Our experienced team will help build an estate plan so that your property is transferred to your loved ones.
Estate planning assists with the transfer of an individual’s estate once they pass, including real estate, bank accounts, securities, automobiles, and other personal property.
Foley Law Offices has experienced lawyers in estate planning and probate litigation that many prefer to avoid. We’re not some guy on a TV commercial that’s never going to see your case or some big firm where you’re just another number. We’re a father and son who get to know our clients and give you unrivaled expertise. That’s our specialty. We’ll do right by you with integrity and quality.
Start Planning Now
Waiting for another day or time is easy – especially when your health is good, the future looks bright, and there are many other “pressing” tasks to be done. Unfortunately, none of us can predict the future. What will happen to your spouse or child if something unexpected happens to you? ACT NOW – and know that you have done everything you could for your loved one’s future.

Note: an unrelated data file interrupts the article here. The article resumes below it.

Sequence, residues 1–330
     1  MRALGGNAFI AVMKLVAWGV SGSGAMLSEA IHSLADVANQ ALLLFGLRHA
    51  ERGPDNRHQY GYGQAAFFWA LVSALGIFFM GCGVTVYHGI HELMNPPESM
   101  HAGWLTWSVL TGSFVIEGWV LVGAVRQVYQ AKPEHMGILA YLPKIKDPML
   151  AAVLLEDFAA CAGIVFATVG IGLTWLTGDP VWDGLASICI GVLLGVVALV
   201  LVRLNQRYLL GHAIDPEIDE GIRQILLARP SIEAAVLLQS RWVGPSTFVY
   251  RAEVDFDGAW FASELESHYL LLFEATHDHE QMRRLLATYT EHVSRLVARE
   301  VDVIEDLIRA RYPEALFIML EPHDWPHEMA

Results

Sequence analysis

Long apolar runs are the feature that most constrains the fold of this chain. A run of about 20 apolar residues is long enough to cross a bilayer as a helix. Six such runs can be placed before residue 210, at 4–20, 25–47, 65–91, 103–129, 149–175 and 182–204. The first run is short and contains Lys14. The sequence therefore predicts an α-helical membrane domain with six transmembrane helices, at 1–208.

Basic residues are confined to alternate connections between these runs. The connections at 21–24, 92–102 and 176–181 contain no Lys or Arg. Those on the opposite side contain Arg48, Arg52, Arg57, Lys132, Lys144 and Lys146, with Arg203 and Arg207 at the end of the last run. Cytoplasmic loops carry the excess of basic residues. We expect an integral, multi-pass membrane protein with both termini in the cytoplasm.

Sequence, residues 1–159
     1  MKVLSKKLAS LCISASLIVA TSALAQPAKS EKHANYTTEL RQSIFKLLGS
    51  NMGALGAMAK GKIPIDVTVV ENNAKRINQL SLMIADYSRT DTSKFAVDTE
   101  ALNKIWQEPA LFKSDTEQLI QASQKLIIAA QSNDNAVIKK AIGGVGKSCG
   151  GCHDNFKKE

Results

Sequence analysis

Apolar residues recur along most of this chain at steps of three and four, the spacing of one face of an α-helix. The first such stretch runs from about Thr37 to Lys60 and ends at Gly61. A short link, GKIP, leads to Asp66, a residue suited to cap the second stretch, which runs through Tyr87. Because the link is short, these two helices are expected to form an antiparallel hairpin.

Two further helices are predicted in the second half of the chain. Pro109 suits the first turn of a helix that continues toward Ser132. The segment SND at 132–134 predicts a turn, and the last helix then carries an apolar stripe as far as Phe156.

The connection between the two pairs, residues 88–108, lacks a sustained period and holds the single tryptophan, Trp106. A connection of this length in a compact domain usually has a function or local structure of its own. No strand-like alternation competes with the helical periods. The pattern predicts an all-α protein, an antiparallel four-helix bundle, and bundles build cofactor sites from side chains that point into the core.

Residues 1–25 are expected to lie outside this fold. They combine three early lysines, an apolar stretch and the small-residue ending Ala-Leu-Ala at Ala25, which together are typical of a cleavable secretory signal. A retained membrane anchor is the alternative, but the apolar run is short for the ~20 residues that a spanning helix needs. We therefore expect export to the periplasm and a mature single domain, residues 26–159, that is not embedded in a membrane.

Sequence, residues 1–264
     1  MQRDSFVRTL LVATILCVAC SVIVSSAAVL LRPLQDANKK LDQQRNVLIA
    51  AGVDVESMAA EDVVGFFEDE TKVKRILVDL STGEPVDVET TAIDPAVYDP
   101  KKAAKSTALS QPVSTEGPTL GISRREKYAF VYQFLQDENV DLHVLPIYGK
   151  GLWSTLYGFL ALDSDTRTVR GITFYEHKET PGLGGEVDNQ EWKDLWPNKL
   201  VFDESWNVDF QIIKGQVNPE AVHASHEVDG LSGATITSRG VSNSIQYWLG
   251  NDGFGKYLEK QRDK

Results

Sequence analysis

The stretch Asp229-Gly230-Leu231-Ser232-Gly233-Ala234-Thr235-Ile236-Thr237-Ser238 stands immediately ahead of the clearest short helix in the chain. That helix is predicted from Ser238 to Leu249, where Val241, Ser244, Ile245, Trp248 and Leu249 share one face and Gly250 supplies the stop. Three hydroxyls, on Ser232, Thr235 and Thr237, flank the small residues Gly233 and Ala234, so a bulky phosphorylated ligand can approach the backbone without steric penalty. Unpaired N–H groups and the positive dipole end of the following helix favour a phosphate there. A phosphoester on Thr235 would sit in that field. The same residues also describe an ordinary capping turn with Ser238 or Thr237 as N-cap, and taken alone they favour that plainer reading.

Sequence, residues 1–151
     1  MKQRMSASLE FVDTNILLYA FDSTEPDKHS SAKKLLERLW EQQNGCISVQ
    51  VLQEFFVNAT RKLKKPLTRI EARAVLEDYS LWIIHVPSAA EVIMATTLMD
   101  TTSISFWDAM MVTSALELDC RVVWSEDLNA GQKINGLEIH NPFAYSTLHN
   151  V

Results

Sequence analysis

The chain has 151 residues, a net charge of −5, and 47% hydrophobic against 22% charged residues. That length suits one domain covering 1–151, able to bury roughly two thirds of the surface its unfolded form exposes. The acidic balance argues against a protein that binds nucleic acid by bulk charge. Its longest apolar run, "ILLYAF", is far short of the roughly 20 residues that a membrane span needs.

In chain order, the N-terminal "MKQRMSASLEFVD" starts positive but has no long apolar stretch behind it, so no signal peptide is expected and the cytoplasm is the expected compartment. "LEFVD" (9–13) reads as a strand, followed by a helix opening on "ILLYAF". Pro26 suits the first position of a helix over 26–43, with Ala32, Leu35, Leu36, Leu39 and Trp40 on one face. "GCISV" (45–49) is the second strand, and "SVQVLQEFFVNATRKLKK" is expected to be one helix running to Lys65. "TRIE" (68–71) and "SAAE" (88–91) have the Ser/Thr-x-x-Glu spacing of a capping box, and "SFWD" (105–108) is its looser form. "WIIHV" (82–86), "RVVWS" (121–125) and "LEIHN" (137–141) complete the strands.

How Estate Planning and Probate Works
One of the most important, yet often neglected, areas of law that might have the greatest impact upon you or your loved ones involves estate planning. In general, estate planning covers the following topics:
- Wills: Wills set who inherits your property and often appoints a guardian for minor children.
- Trusts: A trust is an arrangement by which payments or property is distributed to a beneficiary according to the terms of the trust. (Revocable, ILIT, QTIP, Special Needs Trusts, etc).
- Medical Durable Power of Attorney (patient advocate designations), including end-of-life decisions
- Durable Power of Attorneys for Financial Decisions: Financial power of attorney appoints a third party to handle an individual’s finances when they can no longer take care of their own financial affairs.
- Guardianship and Conservatorship
- Special Needs Planning: Planning for Children and Adults with Disabilities
Many people mistakenly believe that if they or a loved one should suddenly die or become incapacitated due to illness or accident that another family member automatically steps in and takes control. That may not necessarily be true. Unless you have planned ahead and taken the necessary steps for continuing asset management, the probate courts will decide who is in charge and the person chosen by the court may not be the person you want to take over.
For more information about Estate Planning & Probate, or to schedule an appointment, contact Foley Law Offices, PLLC at (734) 462-7500.